Remembering The Queen Elizabeth Hospital For Children
Playing at Doctor – A Scene in the Hospital for Children, Hackney Rd, Bethnal Green
The former Queen Elizabeth Hospital for Children in the Hackney Rd is a landmark of deep significance for generations of East Enders, yet a decision to flatten it and replace it with densely-built generic ‘new slums’ type flats has been made by Tower Hamlets Council, without any public consultation, dismissing the option of integrating the old building into the housing scheme. As the decision goes to the Mayor of London, Boris Johnson, on Wednesday this week there is one last chance to save it. So today, I sketch a brief history of the tradition of care that had its home there for over one hundred and twenty years in the hope that this will not be erased.
In 1867 – Quaker sisters, Ellen & Mary Elizabeth Phillips, established a Dispensary for Women & Children in two rented rooms in Virginia Rd, Shoreditch. The previous year, at the time of the cholera epidemic in the East End, Ellen had worked in the cholera wards at the Royal London Hospital in Whitechapel through a connection to Elizabeth Garret, Britain’s first woman doctor. By 1871, the sisters had the lease at 327 Hackney Rd, on the site that would one day become their custom-built hospital to minister exclusively to the needs of sick children.
Just three years later, they laid the foundation stone for the building in adjoining Goldsmith’s Row, attracting Royal patronage and the support of Oscar Wilde who wrote a poem for their fund-raising publication. The attractive terracotta sunflower freizes upon William Beck’s building reflect the Arts & Crafts style of this era and, throughout the interior, details of iron work and ceramic tiled floors continue this decorative theme. In 1904, the building on Hackney Rd was added, defining the triangular shape of the complex which continued to expand, acquiring additional buildings to fulfil the needs of the hospital throughout the twentieth century.
Amalgamation with the Queen Elizabeth Children’s Hospital in Shadwell in 1942 delivered the name by which it was most commonly known. Charles Dickens was patron of this hospital, that he found operating in a sail loft in 1869 and for which he raised money to build a dedicated hospital building.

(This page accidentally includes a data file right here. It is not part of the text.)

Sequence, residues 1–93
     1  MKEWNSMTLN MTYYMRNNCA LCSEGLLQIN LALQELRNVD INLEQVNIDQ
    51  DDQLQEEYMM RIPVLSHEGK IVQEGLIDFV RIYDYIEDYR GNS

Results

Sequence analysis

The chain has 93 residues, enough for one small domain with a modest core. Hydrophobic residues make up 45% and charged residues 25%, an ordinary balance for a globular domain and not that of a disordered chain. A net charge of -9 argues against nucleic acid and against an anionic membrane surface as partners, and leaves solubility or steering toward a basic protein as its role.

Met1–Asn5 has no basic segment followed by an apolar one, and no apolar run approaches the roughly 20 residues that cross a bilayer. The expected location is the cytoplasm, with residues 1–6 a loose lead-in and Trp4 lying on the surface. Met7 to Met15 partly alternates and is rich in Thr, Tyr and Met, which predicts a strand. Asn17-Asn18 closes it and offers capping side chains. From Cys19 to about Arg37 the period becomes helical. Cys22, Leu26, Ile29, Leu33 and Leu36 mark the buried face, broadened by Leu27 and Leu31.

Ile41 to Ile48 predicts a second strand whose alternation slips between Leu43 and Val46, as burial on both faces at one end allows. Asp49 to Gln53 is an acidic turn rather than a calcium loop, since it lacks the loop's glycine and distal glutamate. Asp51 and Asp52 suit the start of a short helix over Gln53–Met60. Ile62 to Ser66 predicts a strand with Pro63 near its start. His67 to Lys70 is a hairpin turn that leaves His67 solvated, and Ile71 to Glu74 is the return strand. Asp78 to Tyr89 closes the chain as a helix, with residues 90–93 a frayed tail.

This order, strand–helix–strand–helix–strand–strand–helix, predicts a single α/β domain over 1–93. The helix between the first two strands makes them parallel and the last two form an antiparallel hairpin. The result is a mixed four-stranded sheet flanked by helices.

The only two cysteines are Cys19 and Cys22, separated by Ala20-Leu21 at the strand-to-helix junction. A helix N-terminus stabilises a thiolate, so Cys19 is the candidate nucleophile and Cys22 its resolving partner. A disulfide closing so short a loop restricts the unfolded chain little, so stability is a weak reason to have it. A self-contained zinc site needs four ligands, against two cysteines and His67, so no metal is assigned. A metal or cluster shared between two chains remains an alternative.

Thus, two nineteenth century philanthropic ventures combined to create an institution that was absorbed into the National Health Service and closed at the end of the twentieth century when the services it offered were fulfilled elsewhere, rendering it defunct. Yet in 1974, it was the largest children’s teaching hospital in Britain with three hundred students every year and Victoria Holt, General Practitioner, remembers her time there fondly – as the most inspirational part of her training.
“I worked there in 1988 when I was training to be a GP in Hackney. The Hospital served the East End but it was also used by Great Ormond St as the place where their nurses were trained – they had to spend some time ‘roughing it’ in the East End. What was so special about the Queen Elizabeth was that it was the opposite of Great Ormond St, it didn’t have a rarified atmosphere. You could literally walk in the door and be seen in the Accident & Emergency Department. It was a genuinely open door policy, whoever you were and wherever you came from – people who had grown up in the East End would bring their children there from Essex because it felt like home to them.
The complete range of all children’s illnesses came through the door and I learnt to distinguish between a not-very-ill and a very-ill child really quickly. I learnt so much there, it meant that even though I was incredibly young, I had this depth of experience in paediactrics. It was about an ethos – there was a collective wisdom in the community – people understood that you took your sick children there, because that hospital had looked after their families for generations.”
The Queen Elizabeth Hospital closed in 1996
The Queen Elizabeth Hospital opened on this site in 1872
“Each nurse shall attend to the children with care and kindness, and use every endeavour to make them happy.” - from the Hospital Constitution of 1874
The Hackney Rd building opened in 1904
The Goldsmiths Row Building with its attractive sunflower freizes was opened in 1880
Victoria Holt is a GP who did part of her training at Queen Elizabeth Hospital for Children in 1988 – “The complete range of all children’s illnesses came through the door and I learnt to distinguish between a not-very-ill and a very-ill child really quickly. I learnt so much there…”
Portrait of Victoria Holt © Colin O’Brien
Archive images courtesy Prof Rob Higgins